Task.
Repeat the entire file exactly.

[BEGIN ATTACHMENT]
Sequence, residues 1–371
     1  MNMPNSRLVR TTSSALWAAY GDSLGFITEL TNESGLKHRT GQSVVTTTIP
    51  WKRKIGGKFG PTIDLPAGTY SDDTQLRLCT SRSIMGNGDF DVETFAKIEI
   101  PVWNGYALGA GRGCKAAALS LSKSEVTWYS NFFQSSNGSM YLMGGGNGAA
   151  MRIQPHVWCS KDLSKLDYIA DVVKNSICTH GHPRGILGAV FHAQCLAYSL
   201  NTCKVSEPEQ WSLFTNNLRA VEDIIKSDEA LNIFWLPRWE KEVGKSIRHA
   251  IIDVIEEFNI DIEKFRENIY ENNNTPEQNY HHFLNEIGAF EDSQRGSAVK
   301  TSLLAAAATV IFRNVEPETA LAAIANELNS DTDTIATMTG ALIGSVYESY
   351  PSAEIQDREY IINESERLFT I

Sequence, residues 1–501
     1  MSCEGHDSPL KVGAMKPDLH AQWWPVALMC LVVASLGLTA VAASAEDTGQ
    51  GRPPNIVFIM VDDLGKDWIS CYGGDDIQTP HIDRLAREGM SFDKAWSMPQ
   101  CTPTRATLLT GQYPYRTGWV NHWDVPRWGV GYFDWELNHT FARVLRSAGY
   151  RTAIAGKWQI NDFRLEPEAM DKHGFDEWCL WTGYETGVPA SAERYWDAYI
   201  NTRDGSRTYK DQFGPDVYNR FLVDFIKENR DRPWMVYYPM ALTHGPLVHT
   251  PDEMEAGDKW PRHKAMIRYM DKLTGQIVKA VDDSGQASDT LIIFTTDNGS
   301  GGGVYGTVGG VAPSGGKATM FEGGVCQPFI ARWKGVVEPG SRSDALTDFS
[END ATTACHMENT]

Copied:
Sequence, residues 1–371
     1  MNMPNSRLVR TTSSALWAAY GDSLGFITEL TNESGLKHRT GQSVVTTTIP
    51  WKRKIGGKFG PTIDLPAGTY SDDTQLRLCT SRSIMGNGDF DVETFAKIEI
   101  PVWNGYALGA GRGCKAAALS LSKSEVTWYS NFFQSSNGSM YLMGGGNGAA
   151  MRIQPHVWCS KDLSKLDYIA DVVKNSICTH GHPRGILGAV FHAQCLAYSL
   201  NTCKVSEPEQ WSLFTNNLRA VEDIIKSDEA LNIFWLPRWE KEVGKSIRHA
   251  IIDVIEEFNI DIEKFRENIY ENNNTPEQNY HHFLNEIGAF EDSQRGSAVK
   301  TSLLAAAATV IFRNVEPETA LAAIANELNS DTDTIATMTG ALIGSVYESY
   351  PSAEIQDREY IINESERLFT I

Sequence, residues 1–501
     1  MSCEGHDSPL KVGAMKPDLH AQWWPVALMC LVVASLGLTA VAASAEDTGQ
    51  GRPPNIVFIM VDDLGKDWIS CYGGDDIQTP HIDRLAREGM SFDKAWSMPQ
   101  CTPTRATLLT GQYPYRTGWV NHWDVPRWGV GYFDWELNHT FARVLRSAGY
   151  RTAIAGKWQI NDFRLEPEAM DKHGFDEWCL WTGYETGVPA SAERYWDAYI
   201  NTRDGSRTYK DQFGPDVYNR FLVDFIKENR DRPWMVYYPM ALTHGPLVHT
   251  PDEMEAGDKW PRHKAMIRYM DKLTGQIVKA VDDSGQASDT LIIFTTDNGS
   301  GGGVYGTVGG VAPSGGKATM FEGGVCQPFI ARWKGVVEPG SRSDALTDFS